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It’s time to get out the door and you are still struggling to get teeth brushed. Or maybe for once the kids did brush their teeth, but when you do the breath test, it is obvious that a second brushing is needed. Battle lines have been drawn and the little “green bugs” are winning. How do you get your kids to brush their teeth and brush them well? As a mother of two, I have a couple ideas on how to win the battle and to hopefully save a meltdown and some money down the road at the dentist’s office.
Start them young! According to Colgate Professional, primary teeth begin to come in as early as six months. A full set of teeth are an important prerequisite to learning to talk and chew. This also leads to proper spacing of permanent teeth. I use a silicone baby tooth brush that fits over the finger to gently rub down their gums to get in the habit.
>> Read more: Keeping Your Kids’ Teeth Healthy During “Sugar Season”
Give them a chance to do it themselves. This is especially important for toddlers who are in that “I wanna do it” stage. This does not mean parents shouldn’t brush their teeth afterward to make sure the job is done. I get creative here by telling my kids that I am “looking for green bugs that were hiding,” which usually elicits a giggle or a serious “please get them out Mom!”
Use fun flavors of toothpaste. Everything tastes different to different individuals. There is traditional mint but other flavors that range from bubble gum and fruit to cinnamon. My older child likes mint and can’t stand sweet or fruit flavors. My other likes bubble gum, but is more likely to gravitate towards anything with his favorite character regardless of flavor. A major player for my youngest was Thomas the Train. If Thomas was brushing with him he was excited to brush. At less than $2 a tube this is a small investment versus a trip to the dentist for a filling or worse.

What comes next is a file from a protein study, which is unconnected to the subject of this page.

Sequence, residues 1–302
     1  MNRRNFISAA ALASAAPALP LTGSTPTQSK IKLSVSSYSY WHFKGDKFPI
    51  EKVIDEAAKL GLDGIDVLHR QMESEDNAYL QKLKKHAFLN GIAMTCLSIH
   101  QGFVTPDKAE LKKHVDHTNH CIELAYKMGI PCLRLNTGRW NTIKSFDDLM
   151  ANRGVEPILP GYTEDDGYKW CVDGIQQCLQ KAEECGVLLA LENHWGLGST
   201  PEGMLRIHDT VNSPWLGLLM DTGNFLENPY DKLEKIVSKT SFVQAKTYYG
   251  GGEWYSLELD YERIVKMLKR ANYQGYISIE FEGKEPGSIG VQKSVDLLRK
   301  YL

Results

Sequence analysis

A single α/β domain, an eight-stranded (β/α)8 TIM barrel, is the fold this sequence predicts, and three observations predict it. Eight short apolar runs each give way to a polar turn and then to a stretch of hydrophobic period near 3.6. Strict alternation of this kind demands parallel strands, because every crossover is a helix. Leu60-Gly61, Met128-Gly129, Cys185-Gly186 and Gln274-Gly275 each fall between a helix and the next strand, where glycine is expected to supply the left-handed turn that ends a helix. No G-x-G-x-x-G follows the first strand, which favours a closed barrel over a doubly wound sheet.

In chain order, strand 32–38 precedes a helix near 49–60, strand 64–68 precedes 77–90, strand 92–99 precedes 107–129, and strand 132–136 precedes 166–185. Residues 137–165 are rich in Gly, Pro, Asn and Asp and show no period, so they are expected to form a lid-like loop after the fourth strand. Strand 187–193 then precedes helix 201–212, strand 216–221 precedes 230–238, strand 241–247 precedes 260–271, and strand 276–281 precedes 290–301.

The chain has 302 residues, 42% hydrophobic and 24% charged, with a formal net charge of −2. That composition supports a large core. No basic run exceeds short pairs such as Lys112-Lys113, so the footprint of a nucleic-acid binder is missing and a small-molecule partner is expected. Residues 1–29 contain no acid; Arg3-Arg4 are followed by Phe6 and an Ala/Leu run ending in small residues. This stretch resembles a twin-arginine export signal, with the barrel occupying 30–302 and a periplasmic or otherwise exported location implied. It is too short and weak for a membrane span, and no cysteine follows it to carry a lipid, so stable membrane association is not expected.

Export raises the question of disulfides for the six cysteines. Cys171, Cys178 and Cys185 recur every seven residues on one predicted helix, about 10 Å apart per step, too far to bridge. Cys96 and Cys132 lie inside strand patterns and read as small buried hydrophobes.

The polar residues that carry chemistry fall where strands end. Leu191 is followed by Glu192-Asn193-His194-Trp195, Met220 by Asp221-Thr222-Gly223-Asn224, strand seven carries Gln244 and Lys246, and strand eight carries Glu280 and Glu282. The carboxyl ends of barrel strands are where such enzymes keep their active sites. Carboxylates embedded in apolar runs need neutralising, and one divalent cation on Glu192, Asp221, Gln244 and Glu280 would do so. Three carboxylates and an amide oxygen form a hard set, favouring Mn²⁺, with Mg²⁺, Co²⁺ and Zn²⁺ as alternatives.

>> Read more: 7 Ways To Raise Healthy Kids
Let the kids pick out their tooth brush. Sometimes this is not an option for busy moms, but I try to choose one with their favorite characters such as Star Wars or My Little Pony. Older kids might get into the Spinbrush Tooth Tunes or Brush DJ where the music is timed to the length teeth should be brushed. Can’t decide? There are tooth brushes on the market that your child can decorate themselves. Whatever you or your child chooses, make sure to trade tooth brushes out every three to four months as worn out tooth brushes don’t work well.
Use timers or songs. There are tons of different timers out there from kitchen timers to tooth shaped ones. As long as they can count down (or up) to two minutes kids can get good teeth brushing in on their own. Our family dentist told my toddler to sing the ABC’s to gauge how much time he needed to brush. For my daughter, I pull up her favorite song and play it loud for a two-minute dance party.
Use visuals. There are several ideas for visuals here. I have used plaque tablets or a colored rinse to show where to brush, helpful for kids that say they already brushed. I was having trouble with my son swallowing toothpaste, so I put a bull’s-eye in the sink with bath crayons. He loved the “target practice” and even got to draw the circles himself.
>> Check out these household hacks for toothpaste.
Be a good role model. Kids are great imitators and even better at calling you out when you forget the routine. I brush and dance it out with my daughter. I look for “green bugs” in the mirror with my son and help him reach the far back teeth. I use mouth wash and even get out the floss.
The last seven years we have battled the “green bugs” and so far I would say we are winning the war. The whole family has healthier mouths. Healthier mouths lead to healthier bodies — and not to mention a happy mom.
>> Read more about how to instill healthy choices in your kids.